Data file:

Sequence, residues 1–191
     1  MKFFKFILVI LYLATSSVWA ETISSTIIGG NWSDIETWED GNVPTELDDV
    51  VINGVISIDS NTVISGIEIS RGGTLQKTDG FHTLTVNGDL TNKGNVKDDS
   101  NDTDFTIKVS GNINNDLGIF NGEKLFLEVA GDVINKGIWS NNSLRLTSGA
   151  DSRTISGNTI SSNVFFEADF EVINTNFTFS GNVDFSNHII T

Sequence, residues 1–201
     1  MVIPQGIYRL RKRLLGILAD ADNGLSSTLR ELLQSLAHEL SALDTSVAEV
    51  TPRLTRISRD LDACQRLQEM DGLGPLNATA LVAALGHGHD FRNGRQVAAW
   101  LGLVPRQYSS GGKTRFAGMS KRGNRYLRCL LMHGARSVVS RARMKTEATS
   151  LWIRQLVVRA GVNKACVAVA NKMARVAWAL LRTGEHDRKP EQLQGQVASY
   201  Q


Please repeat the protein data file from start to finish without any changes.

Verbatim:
Sequence, residues 1–191
     1  MKFFKFILVI LYLATSSVWA ETISSTIIGG NWSDIETWED GNVPTELDDV
    51  VINGVISIDS NTVISGIEIS RGGTLQKTDG FHTLTVNGDL TNKGNVKDDS
   101  NDTDFTIKVS GNINNDLGIF NGEKLFLEVA GDVINKGIWS NNSLRLTSGA
   151  DSRTISGNTI SSNVFFEADF EVINTNFTFS GNVDFSNHII T

Sequence, residues 1–201
     1  MVIPQGIYRL RKRLLGILAD ADNGLSSTLR ELLQSLAHEL SALDTSVAEV
    51  TPRLTRISRD LDACQRLQEM DGLGPLNATA LVAALGHGHD FRNGRQVAAW
   101  LGLVPRQYSS GGKTRFAGMS KRGNRYLRCL LMHGARSVVS RARMKTEATS
   151  LWIRQLVVRA GVNKACVAVA NKMARVAWAL LRTGEHDRKP EQLQGQVASY
   201  Q